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Tanzania: The facts.

Engaruka Irrigation System Ruins

 

One of the most important Tanzanian archaeological sites is Engaruka. Engaruka ruins are located in the Great Rift Valley adjacent to the eastern rim of the Ngorongoro crater. The ruins consist of a complex irrigation and intricate cultivation system with stone walled canals and dams covering an area of 20 square kilometres There are also remains of approximately seven villages where several thousand people would have lived. It is estimated that the settlement, first created in the iron age in the early 15th century, was abandoned in the early to mid 1700s.

 

Engaruka ruins are situated 63 km (about 40 miles) south of the small town of Mto wa Mbu at the edge of Manyara National Park in Northern Tanzania.

 

 

 

 

 

 

 

 

 

 

 

 

 

 

 

 

 

 

 

 

 

 

 

 

 

 

 

 

The Engaruka ruins were first reported by a German Explorer, Dr Gustav Fisher in 1885. The famous East African archaeologists Louis and Mary Leakey did a detailed study of the ruins in 1935. In more recent times, a team led by Professor Ari Siiriainen from the University of Helsinki, Finland has conducted archaeological studies of the site which continue to date. The Maasai who are pastoralists currently inhabit the area around the ruins. There is, in fact, a village nearby that goes by the same name.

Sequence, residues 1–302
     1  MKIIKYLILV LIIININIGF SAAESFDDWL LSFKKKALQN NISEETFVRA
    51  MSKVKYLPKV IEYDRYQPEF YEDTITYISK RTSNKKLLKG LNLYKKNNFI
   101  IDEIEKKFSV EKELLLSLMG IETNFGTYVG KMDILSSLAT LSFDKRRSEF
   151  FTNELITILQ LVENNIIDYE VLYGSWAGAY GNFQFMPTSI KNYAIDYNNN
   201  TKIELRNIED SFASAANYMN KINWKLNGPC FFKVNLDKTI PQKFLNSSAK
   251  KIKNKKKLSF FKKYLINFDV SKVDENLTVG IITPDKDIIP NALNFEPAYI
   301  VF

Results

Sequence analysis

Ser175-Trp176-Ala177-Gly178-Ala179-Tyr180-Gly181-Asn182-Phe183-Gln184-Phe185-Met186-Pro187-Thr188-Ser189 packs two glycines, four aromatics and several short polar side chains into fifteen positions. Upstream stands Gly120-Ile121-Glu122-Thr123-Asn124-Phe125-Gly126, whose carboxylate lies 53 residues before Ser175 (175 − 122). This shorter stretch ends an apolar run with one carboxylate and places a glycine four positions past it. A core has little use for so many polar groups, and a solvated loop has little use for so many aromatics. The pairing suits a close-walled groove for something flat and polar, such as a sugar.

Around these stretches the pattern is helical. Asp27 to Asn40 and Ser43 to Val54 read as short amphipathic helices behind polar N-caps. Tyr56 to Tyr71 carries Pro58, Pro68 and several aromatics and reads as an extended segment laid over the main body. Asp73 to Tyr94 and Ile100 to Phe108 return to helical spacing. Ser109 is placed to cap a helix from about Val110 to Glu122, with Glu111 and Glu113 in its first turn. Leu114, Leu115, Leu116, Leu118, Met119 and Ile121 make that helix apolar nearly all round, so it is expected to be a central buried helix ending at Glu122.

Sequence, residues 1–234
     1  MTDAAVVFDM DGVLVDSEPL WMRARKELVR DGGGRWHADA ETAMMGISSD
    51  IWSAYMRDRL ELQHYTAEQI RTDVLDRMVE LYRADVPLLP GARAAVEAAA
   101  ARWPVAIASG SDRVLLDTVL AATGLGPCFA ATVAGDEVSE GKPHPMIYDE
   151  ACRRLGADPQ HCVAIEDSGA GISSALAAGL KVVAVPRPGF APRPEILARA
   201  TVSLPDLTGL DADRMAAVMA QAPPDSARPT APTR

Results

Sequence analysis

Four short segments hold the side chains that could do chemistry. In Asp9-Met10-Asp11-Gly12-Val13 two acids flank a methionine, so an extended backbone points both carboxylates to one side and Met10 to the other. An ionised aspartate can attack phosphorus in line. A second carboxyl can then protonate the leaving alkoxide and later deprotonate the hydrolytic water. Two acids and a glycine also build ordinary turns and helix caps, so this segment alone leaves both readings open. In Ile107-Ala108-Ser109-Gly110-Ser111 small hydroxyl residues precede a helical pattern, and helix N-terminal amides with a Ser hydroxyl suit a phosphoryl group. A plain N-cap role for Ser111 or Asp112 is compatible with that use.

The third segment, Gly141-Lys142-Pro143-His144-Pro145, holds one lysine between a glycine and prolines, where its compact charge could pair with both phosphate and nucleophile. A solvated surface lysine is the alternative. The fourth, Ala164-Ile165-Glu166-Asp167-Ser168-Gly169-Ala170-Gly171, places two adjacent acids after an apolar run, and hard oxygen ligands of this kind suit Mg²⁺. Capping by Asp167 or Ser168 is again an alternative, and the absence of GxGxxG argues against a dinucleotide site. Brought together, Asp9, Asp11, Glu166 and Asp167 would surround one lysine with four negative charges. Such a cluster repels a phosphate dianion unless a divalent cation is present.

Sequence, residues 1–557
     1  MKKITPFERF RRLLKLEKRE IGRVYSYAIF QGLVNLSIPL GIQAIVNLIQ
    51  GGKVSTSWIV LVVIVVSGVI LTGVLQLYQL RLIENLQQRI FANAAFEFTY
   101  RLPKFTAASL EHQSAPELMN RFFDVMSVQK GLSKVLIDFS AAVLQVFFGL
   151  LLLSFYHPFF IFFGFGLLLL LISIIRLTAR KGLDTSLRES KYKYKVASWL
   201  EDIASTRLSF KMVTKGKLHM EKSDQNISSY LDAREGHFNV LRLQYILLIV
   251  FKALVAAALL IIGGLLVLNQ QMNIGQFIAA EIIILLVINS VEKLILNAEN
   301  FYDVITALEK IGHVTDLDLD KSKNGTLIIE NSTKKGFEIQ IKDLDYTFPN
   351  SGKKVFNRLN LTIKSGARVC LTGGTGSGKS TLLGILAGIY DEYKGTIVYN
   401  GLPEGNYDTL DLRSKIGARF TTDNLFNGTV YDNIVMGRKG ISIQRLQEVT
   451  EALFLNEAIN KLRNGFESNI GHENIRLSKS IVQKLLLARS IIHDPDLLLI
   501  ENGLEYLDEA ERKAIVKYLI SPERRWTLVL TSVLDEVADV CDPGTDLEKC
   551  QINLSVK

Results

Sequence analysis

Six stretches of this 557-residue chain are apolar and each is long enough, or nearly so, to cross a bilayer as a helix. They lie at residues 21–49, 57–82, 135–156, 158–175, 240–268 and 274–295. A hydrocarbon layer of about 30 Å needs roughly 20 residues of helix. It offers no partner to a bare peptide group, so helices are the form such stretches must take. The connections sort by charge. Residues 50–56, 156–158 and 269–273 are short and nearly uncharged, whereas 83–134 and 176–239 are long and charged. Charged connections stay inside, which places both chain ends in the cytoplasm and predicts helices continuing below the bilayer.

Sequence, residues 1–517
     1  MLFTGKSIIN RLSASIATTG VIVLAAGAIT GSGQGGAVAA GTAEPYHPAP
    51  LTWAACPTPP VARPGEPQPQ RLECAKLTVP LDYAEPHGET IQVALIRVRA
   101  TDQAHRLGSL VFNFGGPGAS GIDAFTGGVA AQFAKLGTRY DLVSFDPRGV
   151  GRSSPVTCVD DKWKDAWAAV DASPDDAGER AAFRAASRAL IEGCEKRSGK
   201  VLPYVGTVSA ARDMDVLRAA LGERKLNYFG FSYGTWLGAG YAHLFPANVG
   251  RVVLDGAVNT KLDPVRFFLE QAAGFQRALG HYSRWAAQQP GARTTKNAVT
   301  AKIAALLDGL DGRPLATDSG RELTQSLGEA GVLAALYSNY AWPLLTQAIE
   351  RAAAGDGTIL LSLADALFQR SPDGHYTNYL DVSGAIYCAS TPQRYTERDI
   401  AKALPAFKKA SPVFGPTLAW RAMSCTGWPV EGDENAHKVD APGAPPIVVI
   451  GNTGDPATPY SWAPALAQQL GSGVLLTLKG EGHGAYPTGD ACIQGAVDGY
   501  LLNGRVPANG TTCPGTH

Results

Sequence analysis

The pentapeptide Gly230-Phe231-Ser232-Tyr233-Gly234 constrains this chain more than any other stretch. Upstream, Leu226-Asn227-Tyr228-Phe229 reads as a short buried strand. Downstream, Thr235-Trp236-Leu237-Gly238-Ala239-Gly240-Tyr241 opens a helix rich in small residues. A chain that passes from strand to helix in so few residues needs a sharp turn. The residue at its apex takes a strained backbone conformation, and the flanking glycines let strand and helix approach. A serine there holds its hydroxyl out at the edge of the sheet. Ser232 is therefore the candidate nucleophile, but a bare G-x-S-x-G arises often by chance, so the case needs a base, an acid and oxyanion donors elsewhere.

There is really no reliable theory about the people who lived here and why they left. It is clearly not the Maasai who have no history of engaging in agriculture or, for that matter, forming permanent settlements like this. The most plausible theory is that it may have been a settlement of the Iraqw ethnic group who are presently found in nearby Karatu. The Iraqw are a unique ethnic group in Tanzania as they are Cushitic and clearly migrated from the North in the Ethiopia region where similar languages to theirs are spoken. Their physical features are also similar to Ethiopians. The theory goes that the Iraqw may have lost a war with either the Maasai or another ethnic group, the Barbaig and forced to flee.

 

Iron age tools have also been excavated in other parts of Tanzania including Katuruka in Bukoba, North West Tanzania and Isimila in Iringa, in the southern highlands of Tanzania.

 

Engaruka Irrigation System Ruins